Or, Alan thought, is it dangerous to pretend that programs are code compiled to do our whims, and nothing more? He knew which was the right answer, and the clarity of that knowledge was effortless.

"It'll brighten my lights too," Alan said. "Where do we start?"

"I'll show you." Ram turned and shimmied up the obsidian rock face with the ease of a canyon lizard. "There," he said, pointing down into the valley below as Alan made it to the top of the ledge, with considerably more effort on his part. "The Sea of Simulation."

Alan's breath caught in wonder. Sprawled below them was a landscape beyond imagination. The distant light he had seen before was revealed now as an unmoving blue sun poised at the far edge of a black sea, a sea not of water, but of possibility transformed into a tangible substance. The light, Alan knew from Sam's descriptions, was the portal back to his own world. Fingers of black rock thrust upwards from the waves, and some floated, unmoored by any kind of earthly gravity, in slow orbit around the portal. Far to the right of their position at the lip of the water, Alan could see the spires and lights of a vast city, glittering like a diamond in the dark. Sparks careened and dove among its structures: vehicles traversing the city at the speed of pure thought. The top of the city was reflected in the water below, and in the low hanging clouds above, until the entire area was suffused with a glow of unimaginable beauty. Alan felt like an explorer in some virgin continent, like a starship captain setting foot on a distant planet, like a mortal tumbling headfirst into the incomprehensible glory of Eden. He felt fantastic.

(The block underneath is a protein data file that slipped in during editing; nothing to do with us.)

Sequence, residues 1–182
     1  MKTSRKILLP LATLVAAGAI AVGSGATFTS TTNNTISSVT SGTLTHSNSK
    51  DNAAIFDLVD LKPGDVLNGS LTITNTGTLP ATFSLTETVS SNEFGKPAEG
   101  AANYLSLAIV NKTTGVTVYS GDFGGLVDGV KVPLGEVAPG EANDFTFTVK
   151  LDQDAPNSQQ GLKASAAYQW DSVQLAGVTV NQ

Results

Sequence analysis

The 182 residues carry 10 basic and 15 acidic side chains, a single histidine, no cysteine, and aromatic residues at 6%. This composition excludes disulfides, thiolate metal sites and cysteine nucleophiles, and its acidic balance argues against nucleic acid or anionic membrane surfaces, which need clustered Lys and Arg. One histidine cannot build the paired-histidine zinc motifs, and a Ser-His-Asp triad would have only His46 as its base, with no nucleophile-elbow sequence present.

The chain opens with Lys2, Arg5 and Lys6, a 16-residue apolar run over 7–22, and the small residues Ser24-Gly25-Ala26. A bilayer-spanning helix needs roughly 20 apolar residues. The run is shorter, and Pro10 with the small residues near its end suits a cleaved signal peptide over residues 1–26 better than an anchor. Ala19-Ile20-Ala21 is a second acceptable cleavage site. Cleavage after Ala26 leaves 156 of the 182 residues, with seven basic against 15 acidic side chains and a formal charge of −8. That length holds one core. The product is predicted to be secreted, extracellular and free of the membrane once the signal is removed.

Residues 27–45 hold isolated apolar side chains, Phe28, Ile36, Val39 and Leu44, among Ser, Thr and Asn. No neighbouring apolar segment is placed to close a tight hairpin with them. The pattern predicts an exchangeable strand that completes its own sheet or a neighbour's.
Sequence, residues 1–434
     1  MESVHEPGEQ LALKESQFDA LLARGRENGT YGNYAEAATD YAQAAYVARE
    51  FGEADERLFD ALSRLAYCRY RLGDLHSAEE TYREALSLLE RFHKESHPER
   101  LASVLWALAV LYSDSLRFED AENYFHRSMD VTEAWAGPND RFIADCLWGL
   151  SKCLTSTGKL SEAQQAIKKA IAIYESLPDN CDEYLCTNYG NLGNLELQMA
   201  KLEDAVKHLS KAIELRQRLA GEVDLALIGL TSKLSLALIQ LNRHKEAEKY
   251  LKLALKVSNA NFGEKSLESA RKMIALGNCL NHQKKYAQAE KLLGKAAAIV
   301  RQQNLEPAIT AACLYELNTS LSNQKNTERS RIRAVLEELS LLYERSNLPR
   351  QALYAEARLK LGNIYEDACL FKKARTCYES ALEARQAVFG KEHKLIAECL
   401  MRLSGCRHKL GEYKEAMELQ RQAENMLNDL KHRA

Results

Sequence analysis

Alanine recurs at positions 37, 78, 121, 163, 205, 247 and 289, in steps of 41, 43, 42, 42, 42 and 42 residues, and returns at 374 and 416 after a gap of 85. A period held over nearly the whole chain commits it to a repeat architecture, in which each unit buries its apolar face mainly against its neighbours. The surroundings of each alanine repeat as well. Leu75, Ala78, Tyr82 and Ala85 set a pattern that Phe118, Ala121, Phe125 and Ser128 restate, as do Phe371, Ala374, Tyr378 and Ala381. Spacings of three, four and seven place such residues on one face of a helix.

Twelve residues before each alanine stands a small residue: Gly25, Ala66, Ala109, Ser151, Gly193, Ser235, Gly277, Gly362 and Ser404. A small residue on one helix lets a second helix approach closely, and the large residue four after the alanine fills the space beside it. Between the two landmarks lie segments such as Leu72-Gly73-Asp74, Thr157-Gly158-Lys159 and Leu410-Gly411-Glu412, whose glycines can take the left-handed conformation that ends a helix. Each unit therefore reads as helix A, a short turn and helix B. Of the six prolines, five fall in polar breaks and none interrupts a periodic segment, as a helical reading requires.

I understand, Flynn, he thought, and it was enough to make his vision blur with tears he had held back for decades. I understand, and I don't blame you one damn bit for anything.

"Alan-1?" Ram asked, perplexed by Alan's emotional reaction to the view. "Are you all right?"

"Yeah," Alan said, blinking away the past in order to better see Flynn's future. Did programs cry, and grieve, and love with the ardor of their makers? One look at Ram's face told Alan the answer to that. Roy's program was bending down to help the User up to better footing, and in his face was a mixture of concern and respect, but not ignorance. Programs are more like us than we know, Alan thought, and made a point to avoid the mistake of thinking otherwise. "I'm fine, Ram," he said, and for the first time the name came easily to his lips, even moreso than when he called Roy by his old nickname. "Thanks." He let the program pull him to his feet, and for a moment they stood together on the promontory, Ram scanning the landscape below, Alan studying Ram.

Flynn knew the Ram before you, Alan remembered, thinking of a fragment of Flynn's story that was very seldom told, the part that made him go quiet for a long time after. Ram had been the program Flynn could not save. No wonder he called Roy by Ram's name. It was a way to keep him alive. Well, I can certainly empathize with that. Alan looked out over the grid, knowing down deep inside that somewhere out there in the chiaroscuro of the City, Flynn was alive. I can't wait until he sees who's come to bring him home.